Cool Technologies: Working Without HFCs

Publication - 9 November, 2012
The rapid phase out of HFCs — “short-term climate forcing substances” — is one of the immediate preventative measures that can be taken today to try to avoid near-term climate tipping points.

The global warming potential of HFCs is thousands of times greater than that of carbon dioxide. Their impact on the climate is most concentrated in the near term following their release into the atmosphere.

By 2050 their annual emissions are projected to rise to about 3.5 to 8.8 Gt CO2eq, or to between 18 to 45% of global CO2 emissions. Their elimination by 2020 could help buy back some needed time to further tackle the challenges of reducing CO2 emissions from fossil fuels.

The Cool Technologies: Working Without HFCs report documents the current availability of HFC-free cooling technologies in most sectors and more are rapidly coming on line.

There is no single solution to replace HCFCs. A wide variety of environmentally superior and technologically proven HCFC and HFC-free alternatives can meet our cooling needs.

These alternatives include natural refrigerants (CO2, hydrocarbons, ammonia, water, etc.), secondary cooling systems, desiccant cooling, evaporative cooling, absorption cooling, and innovative building designs that can eliminate the need for mechanical cooling.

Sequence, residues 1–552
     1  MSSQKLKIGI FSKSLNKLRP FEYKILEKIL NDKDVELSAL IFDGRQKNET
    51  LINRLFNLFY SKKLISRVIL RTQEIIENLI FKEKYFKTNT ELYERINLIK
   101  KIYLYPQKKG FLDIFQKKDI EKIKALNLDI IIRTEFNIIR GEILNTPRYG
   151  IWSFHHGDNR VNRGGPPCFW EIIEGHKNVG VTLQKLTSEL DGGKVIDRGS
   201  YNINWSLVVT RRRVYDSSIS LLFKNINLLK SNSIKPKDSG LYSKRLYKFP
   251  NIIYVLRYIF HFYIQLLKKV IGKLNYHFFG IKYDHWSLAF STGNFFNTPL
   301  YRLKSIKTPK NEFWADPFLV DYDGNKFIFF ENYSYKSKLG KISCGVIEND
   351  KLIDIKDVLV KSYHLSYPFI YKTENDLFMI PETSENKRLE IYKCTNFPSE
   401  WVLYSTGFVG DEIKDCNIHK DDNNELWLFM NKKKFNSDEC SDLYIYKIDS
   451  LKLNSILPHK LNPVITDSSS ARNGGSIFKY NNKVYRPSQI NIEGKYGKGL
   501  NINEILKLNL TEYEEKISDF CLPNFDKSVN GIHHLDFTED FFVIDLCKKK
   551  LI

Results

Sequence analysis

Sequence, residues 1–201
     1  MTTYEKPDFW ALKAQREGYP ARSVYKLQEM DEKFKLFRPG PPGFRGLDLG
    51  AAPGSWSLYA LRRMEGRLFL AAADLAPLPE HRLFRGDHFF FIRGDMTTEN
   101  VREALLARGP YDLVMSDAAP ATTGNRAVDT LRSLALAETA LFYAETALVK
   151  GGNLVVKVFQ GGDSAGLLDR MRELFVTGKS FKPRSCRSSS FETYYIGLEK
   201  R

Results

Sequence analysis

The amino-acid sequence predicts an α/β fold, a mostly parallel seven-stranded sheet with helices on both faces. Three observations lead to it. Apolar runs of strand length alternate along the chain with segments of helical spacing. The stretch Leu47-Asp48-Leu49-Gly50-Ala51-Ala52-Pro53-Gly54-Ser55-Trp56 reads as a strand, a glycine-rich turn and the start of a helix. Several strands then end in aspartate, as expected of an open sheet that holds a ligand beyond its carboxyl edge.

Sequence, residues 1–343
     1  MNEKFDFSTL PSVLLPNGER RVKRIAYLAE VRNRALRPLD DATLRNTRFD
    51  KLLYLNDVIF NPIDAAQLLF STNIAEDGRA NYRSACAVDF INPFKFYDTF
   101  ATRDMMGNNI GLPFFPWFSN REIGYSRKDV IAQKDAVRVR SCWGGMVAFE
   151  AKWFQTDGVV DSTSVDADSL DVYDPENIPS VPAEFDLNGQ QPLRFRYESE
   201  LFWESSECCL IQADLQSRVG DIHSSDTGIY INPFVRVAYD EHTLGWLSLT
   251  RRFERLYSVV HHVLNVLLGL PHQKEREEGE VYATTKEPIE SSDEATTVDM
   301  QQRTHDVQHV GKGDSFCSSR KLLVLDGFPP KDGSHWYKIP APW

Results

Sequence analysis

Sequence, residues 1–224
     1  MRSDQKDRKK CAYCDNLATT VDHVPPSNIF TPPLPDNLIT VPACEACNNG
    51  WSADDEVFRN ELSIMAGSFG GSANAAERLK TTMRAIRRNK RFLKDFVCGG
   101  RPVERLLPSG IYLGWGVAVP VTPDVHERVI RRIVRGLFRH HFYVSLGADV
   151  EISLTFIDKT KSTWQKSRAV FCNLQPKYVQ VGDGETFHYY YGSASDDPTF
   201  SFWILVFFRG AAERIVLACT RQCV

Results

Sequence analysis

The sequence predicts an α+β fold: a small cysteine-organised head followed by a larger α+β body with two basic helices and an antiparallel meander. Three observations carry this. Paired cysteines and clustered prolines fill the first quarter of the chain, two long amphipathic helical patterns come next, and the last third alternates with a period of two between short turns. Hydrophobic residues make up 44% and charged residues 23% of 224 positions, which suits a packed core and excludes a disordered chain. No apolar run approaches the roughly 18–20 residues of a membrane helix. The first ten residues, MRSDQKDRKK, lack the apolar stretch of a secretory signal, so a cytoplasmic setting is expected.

Natural refrigerants and foaming agents, in contrast to fluorocarbons, abundantly occur in the biosphere, they maintain a steady state, and are easily absorbed by nature.

HFC-free technologies exist in nearly the full spectrum of applications, including:

  • Domestic Refrigeration and Air-Conditioning
  • Commercial Refrigeration andAir-Conditioning
  • Mobile Air-Conditioning
  • Industrial Processes
  • Insulation Foam Blowing

New HFC-free products are entering the market almost weekly. There is a domino effect in cooling technologies. When one company achieves a breakthrough others soon replicate. Technological innovations in one sector soon impact on innovations in other sectors.

Developing countries would greatly benefit by leapfrogging HFCs altogether, and going straight from HCFCs to long-term solutions that rely on natural refrigerants and foam blowing agents, thus avoiding reliance on more expensive, less efficient HFCs that will need to be phased out. Furthermore, they could finally escape the clutches of the fluorocarbon chemical industry’s monopoly over their choice of technology.

The report surveys an extensive list of companies and enterprises using HFC-free technologies, documenting the already wide array of safe and commercially proven HFC-free technologies for meeting nearly all needs formerly met by fluorocarbons.

“Cool Technologies: Working Without HFCs” documents the “possible,” and demonstrates that the necessary nexus between climate protection policies and technological development is achievable in the refrigeration and cooling sectors.

Number of pages: 78

Cool Technologies 2012